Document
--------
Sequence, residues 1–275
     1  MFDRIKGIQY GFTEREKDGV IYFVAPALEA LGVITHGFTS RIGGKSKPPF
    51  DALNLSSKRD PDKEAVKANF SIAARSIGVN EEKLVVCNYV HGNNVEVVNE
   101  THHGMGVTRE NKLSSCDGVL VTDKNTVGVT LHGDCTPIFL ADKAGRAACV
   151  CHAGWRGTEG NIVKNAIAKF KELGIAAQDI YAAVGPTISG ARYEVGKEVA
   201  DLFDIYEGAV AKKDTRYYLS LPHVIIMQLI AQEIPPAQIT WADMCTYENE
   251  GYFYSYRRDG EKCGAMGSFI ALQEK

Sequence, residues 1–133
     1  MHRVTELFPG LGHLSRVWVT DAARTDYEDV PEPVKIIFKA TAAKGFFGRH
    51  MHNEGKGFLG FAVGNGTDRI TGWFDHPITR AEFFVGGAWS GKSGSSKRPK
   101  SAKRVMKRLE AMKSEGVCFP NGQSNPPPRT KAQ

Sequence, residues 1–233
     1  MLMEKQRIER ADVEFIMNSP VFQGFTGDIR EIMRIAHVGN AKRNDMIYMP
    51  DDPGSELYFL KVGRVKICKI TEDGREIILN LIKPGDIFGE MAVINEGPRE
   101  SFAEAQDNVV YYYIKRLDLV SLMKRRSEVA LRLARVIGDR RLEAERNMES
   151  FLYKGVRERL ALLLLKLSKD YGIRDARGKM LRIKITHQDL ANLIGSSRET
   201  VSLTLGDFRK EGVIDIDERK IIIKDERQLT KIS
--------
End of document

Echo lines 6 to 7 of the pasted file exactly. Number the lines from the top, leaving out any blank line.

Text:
   201  DLFDIYEGAV AKKDTRYYLS LPHVIIMQLI AQEIPPAQIT WADMCTYENE
   251  GYFYSYRRDG EKCGAMGSFI ALQEK